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Lipase-Lipid Interactions Studied by Site-Directed Labeling and Biological Spectroscopy
KTH, School of Biotechnology (BIO).
2006 (English)Doctoral thesis, comprehensive summary (Other scientific)
Abstract [en]

This thesis describes the study of lipase–lipid interactions of the triglyceride lipase Thermomyces lanuginosus lipase, TLL, by use of site-directed chemical labeling and biological spectroscopy. Several single-cysteine variants of TLL were produced, and labeled with probes containing either an affinity-, a fluorescence- or a spin-label functionality. A combined reduction- and labeling protocol was elaborated for the TLL single-cysteine variants, which were found to be prematurely oxidized during production. A diagnostic dot-blot method based on biotin-avidin interactions was established for the detection of free thiols in recombinant proteins. This method has a picomole detection limit and was found accurate in free thiol quantitation.

Unilamellar phospholipid vesicles consisting of 1-palmitoyl-2-oleoyl-sn-glycero-3-phosphatidylglycerol (POPG) or of 1-palmitoyl-2-oleoyl-sn-glycero-3-phosphatidyl-choline (POPC) were produced as stable, well-defined lipid interfaces, to which TLL is known to bind with high affinity. The binding orientation of TLL was investigated, employing eleven spin-labeled TLL single-cysteine variants with the point-mutations positioned around the protein surface. Spin-relaxation enhancement was induced by the spin-relaxation agent chromium(III) oxalate (Crox), and a novel ESR-method for measuring the interactions of nitroxide spin-labels at low-microwave amplitudes was established. This method requires only standard ESR-instrumentation and is optimal for surface-exposed spin-labels. The interactions of TLL spin-labels with Crox in the aqueous phase were studied by ESR spectroscopy, while spin-label interactions with the lipid phase were analyzed by fluorescence quenching of dansyl-labeled vesicles. In addition, ESR-data was employed in conjunction with electrostatic potential-based modeling to dock TLL on the membrane of small POPG vesicles. This afforded information on the detailed molecular orientation of TLL at the lipid–water interface.

TLL was found to bind on 50-nm–diameter POPG vesicles in an activated form with the active-site entrance and the proximal part of the lid oriented against the lipid membrane. On 100 nm POPG vesicles and 50 nm POPC vesicles, TLL was oriented with the active site facing away from the membrane, corresponding to approximately a 180-degree–rotation about TLL’s vertical axis. There was no deep penetration of TLL residues in the lipid membranes, but TLL was found to associate closer to the negatively charged POPG-surface, than that of the zwitterionic POPC. TLL was also able to bind to two vesicles simultaneously, as revealed by fluorescence resonance energy transfer (FRET) between fluorescent labeled vesicles. The experimental data obtained provided insights into the interfacial behaviour of a triglyceride lipase.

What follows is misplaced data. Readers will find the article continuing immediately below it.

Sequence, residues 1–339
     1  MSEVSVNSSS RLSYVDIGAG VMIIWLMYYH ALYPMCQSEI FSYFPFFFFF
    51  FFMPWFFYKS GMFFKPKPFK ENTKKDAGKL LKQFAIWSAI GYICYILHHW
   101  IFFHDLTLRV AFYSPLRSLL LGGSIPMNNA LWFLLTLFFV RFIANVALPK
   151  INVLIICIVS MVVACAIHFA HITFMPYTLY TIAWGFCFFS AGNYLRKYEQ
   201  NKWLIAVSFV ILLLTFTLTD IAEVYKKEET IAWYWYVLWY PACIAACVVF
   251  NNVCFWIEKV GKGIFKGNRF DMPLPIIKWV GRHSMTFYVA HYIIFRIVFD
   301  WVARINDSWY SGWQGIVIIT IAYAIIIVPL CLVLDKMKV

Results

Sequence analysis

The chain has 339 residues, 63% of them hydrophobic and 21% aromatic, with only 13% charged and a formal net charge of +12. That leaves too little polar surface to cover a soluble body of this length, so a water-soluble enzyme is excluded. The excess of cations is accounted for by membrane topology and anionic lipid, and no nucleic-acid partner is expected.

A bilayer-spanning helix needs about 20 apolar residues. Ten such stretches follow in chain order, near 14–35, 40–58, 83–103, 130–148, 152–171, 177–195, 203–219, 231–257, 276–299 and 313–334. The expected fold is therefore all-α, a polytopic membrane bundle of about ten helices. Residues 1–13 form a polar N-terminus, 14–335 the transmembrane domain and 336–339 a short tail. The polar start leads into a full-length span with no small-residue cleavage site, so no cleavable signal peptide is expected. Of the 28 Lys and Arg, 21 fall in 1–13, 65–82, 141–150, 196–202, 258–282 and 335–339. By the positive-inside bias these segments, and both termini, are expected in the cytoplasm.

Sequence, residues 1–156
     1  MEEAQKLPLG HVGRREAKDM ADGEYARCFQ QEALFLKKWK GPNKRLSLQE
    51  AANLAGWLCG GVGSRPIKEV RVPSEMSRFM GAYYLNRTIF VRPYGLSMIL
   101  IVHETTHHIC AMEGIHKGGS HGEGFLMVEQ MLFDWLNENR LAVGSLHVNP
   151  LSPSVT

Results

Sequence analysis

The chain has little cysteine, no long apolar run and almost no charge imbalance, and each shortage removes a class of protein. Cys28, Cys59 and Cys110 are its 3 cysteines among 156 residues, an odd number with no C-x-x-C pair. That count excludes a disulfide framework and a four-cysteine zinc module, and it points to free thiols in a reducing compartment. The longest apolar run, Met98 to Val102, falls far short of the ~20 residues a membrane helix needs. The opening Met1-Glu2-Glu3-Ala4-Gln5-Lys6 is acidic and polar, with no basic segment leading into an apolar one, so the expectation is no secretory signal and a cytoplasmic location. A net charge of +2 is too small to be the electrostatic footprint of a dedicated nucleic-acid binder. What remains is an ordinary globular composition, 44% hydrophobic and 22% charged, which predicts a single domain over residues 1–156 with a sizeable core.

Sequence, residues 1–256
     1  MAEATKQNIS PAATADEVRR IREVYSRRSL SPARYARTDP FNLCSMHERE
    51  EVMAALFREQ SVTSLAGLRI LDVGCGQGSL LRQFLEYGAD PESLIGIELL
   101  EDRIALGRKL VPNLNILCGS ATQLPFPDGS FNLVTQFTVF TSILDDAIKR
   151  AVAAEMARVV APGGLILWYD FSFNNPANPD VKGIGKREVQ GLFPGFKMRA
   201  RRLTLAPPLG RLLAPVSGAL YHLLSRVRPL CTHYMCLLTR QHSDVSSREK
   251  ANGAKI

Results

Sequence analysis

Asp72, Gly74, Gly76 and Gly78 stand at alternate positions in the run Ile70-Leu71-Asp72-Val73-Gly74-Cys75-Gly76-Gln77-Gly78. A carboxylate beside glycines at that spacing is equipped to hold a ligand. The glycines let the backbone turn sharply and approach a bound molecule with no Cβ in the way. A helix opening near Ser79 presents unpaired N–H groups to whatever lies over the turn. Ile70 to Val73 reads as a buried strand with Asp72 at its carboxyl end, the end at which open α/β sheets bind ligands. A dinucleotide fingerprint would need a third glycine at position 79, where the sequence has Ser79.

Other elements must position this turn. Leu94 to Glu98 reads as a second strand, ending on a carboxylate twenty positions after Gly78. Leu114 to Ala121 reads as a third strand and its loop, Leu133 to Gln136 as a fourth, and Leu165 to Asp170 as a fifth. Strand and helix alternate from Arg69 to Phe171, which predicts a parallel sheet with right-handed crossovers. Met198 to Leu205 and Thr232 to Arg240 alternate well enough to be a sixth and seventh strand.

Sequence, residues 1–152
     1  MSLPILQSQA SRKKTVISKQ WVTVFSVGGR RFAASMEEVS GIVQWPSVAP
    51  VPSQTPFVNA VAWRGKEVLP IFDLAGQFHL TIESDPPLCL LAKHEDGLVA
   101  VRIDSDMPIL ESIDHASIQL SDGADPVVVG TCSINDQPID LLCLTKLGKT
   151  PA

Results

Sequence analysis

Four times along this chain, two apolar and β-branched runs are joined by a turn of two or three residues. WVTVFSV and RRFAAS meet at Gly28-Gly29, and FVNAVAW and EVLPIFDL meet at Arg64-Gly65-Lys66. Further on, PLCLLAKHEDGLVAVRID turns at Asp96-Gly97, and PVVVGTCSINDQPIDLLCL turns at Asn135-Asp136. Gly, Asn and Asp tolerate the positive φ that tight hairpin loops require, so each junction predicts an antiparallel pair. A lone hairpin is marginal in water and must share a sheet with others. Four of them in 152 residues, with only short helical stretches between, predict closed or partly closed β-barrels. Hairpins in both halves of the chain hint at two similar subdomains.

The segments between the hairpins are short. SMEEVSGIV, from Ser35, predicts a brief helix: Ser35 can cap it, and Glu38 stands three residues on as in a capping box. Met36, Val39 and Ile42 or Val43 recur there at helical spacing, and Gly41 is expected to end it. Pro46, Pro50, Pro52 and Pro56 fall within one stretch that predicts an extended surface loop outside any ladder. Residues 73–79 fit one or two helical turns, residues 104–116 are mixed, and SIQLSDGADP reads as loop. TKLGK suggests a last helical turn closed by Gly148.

Place, publisher, year, edition, pages
Stockholm: KTH , 2006. , x, 68 p.
Keyword [en]
thermomyces lanuginous lipase, site-directed labeling, lipase-lipid interactions
National Category
Biochemistry and Molecular Biology
Identifiers
URN: urn:nbn:se:kth:diva-618ISBN: 91-7178-253-2 (print)OAI: oai:DiVA.org:kth-618DiVA: diva2:14630
Public defence
2006-02-24, Svedbergssalen, AlbaNova universitetscentrum, Roslagstullsbacken 21, Stockholm, 13:00
Opponent
Supervisors
Note
QC 20100830Available from: 2006-02-10 Created: 2006-02-10 Last updated: 2010-08-30Bibliographically approved
List of papers
1. Selective reduction and chemical modification of oxidized lipase cysteine mutants
Open this publication in new window or tab >>Selective reduction and chemical modification of oxidized lipase cysteine mutants
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2002 (English)In: Canadian journal of chemistry (Print), ISSN 0008-4042, E-ISSN 1480-3291, Vol. 80, no 6, 529-539 p.Article in journal (Refereed) Published
Abstract [en]

Thirteen single-cysteine mutants of the 33 kDa fungal triacylglycerol lipase Thermomyces (formerly Humicola) lanuginosa lipase (TLL, EC 3.1.1.3) Were produced and characterized for the purpose of site-directed chemical modification with spectroscopic reporter groups. All cysteine mutants were found to be predominantly blocked by oxidation to disulfides with endogenous cysteine during production. The fraction of lipase molecules with free sulfhydryl groups was analyzed by labeling with N-biotinylaminoethyl methanethiosulfonate, followed by a novel dot-blot method based on biotin-streptavidin interactions. A non-invasive method for the reduction of the introduced cysteine was elaborated for this protein containing three native disulfide bridges. The site-specifically reduced TLL mutants were then labeled with the sulfhydryl-specific reagents 2-(5-dimethylaminonaphth-1-ylsulfonamido)ethyl methanethiosulfonate or (1-oxyl-2,2,5,5-tetramethyl-Delta(3)-pyrroline-3-methyl) methanethiosulfonate, and studied by fluorescence and electron spin resonance (ESR) spectroscopy.